Jobs Come From Start-Ups; Not Listed Public Companies:


In an August 2011 paper titled: Who Creates Jobs? Small vs. Large vs. Young the same three authors state: "We find that firm births contribute substantially to both gross and net job creation. Importantly, because new firms tend to be small, the finding of a systematic inverse relationship between firm size and net growth rates in prior analyses is entirely attributable to most new firms being classified in small size classes."


"Our findings emphasize the critical role played by startups in U.S. employment growth dynamics. We document a rich “up or out” dynamic of young firms in the U.S. That is, conditional on survival, young firms grow more rapidly than their more mature counterparts."


There are 3,698 listed companies in the Wilshire 5000 stock index, as of 9/30/14. Vanguard's Total Stock Market (open end mutual fund) includes 3,798 companies. Existing public companies are much larger than private startups, but don't create as many new jobs.  Even though many existing listed companies are expanding their work force, much of the hires are outside the U.S.


Curmudgeon Note: IBM is a great example.  For years, they've been laying off U.S. workers while hiring in India, China and other developing countries where labor costs are lower.)


The key to creating startups as Robert J Samuelson says: "It's necessary to keep tax rates low and to stop government disincentives of complex accounting, employment and health-care regulations imposed by federal and state agencies that consume scarce investment funds and time."


"There's also a bureaucratic bias, unintended perhaps, against startups." Also and finally he says: "It's all about risk taking." Which is based on after tax reward for the time, energy and effort expended on the job.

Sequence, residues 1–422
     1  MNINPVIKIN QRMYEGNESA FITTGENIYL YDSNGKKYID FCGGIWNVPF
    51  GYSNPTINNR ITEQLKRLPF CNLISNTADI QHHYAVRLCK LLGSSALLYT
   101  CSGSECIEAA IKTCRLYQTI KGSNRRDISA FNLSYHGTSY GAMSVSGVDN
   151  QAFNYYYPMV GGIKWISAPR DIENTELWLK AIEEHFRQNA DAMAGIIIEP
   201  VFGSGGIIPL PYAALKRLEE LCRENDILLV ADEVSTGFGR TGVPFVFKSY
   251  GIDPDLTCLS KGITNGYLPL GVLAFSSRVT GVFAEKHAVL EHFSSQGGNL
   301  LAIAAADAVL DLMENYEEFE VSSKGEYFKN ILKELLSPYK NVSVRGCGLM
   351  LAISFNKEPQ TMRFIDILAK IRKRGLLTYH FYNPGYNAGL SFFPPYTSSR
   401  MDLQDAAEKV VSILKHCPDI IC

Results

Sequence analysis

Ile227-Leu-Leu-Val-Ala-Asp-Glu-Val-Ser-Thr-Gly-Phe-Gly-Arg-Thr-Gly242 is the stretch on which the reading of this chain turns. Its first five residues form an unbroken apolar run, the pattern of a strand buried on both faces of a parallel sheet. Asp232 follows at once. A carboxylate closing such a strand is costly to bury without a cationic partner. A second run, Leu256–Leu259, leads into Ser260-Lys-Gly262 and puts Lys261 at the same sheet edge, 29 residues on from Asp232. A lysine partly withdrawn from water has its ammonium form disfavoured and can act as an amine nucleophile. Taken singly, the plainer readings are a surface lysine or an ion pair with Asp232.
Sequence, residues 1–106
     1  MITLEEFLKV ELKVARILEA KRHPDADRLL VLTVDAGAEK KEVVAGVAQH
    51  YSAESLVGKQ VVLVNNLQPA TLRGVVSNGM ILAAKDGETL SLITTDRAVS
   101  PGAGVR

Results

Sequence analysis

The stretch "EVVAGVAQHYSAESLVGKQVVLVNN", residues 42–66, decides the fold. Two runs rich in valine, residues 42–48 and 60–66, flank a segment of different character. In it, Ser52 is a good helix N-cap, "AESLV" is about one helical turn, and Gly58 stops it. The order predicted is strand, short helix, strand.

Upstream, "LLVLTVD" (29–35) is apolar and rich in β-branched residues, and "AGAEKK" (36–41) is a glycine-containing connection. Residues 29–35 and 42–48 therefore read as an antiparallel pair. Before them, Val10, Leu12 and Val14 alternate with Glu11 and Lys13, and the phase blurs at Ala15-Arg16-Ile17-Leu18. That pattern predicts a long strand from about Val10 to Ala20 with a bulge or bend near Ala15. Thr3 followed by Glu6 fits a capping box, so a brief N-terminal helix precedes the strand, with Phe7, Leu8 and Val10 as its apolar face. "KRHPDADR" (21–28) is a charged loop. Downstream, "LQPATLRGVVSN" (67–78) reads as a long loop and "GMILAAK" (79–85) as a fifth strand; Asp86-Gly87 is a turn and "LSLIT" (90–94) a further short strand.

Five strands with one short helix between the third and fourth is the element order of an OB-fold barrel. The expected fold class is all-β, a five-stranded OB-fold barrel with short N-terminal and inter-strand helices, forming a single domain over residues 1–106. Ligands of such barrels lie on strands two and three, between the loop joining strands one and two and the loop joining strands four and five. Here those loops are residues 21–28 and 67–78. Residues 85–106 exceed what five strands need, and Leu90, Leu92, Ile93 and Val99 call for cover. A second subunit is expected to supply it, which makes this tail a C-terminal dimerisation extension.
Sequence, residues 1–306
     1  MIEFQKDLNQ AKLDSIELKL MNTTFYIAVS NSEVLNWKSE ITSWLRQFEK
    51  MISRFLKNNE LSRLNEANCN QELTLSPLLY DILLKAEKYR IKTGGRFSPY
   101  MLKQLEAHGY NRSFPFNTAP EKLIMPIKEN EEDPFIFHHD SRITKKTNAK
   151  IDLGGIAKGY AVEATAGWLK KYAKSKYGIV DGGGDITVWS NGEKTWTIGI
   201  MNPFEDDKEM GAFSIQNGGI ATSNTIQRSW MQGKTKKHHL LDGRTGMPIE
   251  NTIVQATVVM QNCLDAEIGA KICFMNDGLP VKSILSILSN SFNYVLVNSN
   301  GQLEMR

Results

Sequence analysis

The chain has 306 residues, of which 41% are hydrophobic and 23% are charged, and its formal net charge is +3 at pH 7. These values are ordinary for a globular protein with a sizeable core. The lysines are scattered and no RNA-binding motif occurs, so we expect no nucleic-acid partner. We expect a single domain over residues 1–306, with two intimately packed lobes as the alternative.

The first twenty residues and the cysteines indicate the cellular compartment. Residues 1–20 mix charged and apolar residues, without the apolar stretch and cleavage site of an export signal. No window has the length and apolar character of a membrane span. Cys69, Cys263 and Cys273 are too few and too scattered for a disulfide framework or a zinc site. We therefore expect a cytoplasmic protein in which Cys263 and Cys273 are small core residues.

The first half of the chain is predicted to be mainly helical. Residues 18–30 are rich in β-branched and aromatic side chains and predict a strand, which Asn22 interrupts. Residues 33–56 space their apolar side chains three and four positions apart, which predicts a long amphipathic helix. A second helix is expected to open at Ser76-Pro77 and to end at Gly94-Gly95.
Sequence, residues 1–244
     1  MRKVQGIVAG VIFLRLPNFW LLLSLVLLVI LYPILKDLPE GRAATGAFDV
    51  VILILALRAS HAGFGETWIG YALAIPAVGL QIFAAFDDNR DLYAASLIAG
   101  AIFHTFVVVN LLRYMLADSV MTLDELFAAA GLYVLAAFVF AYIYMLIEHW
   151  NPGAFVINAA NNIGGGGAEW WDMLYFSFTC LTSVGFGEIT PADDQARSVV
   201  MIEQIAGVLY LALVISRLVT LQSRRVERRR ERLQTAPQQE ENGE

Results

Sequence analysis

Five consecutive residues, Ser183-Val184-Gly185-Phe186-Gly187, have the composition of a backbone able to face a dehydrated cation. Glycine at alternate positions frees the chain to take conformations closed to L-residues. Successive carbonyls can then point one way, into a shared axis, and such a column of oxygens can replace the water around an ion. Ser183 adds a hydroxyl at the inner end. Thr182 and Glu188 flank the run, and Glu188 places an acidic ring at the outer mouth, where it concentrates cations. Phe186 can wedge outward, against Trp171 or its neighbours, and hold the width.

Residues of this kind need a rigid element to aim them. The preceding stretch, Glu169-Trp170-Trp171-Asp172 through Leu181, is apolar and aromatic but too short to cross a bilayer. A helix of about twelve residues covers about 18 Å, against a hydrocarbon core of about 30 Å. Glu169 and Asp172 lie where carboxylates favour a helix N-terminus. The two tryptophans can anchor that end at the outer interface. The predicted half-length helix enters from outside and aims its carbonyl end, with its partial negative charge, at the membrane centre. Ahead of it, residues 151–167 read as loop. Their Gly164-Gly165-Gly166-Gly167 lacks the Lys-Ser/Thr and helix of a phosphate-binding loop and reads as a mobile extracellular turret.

The good news is American's have a powerful entrepreneurial instinct and spirit. The bad news is venture capital for startups is quite scarce (except in the lemming-bubble industries of the new IT: web/cloud software, e-commerce, social tools, mobile apps, big data/analytics, software defined everything, etc.).


Curmudgeon asks: Do you know of ANY U.S. semiconductor, electronics module, circuit card or IT hardware equipment companies funded by VCs in the last few years?


Our political leaders seem largely oblivious to burdensome government policies which discourage new business formation.  This needs to be addressed for our economy to experience sustained growth.


Samuelson wrote: "Entrepreneurship won't instantly cure America's job deficit, but WITHOUT IT THERE WILL BE NO STRONG RECOVERY." (emphasis added)  In my opinion, Robert J Samuelson gets an A+ for this observation and economic call in October 2010!


Companies Formed Then and Now:


Importantly, many companies founded in the 1970's and 80's could not be created today and thereby workers not hired.  For example, Office Depot founders Berrnie Marcus and Ken Langone have stated they could never start Office Depot today due to not being able to entice "Angel Investors."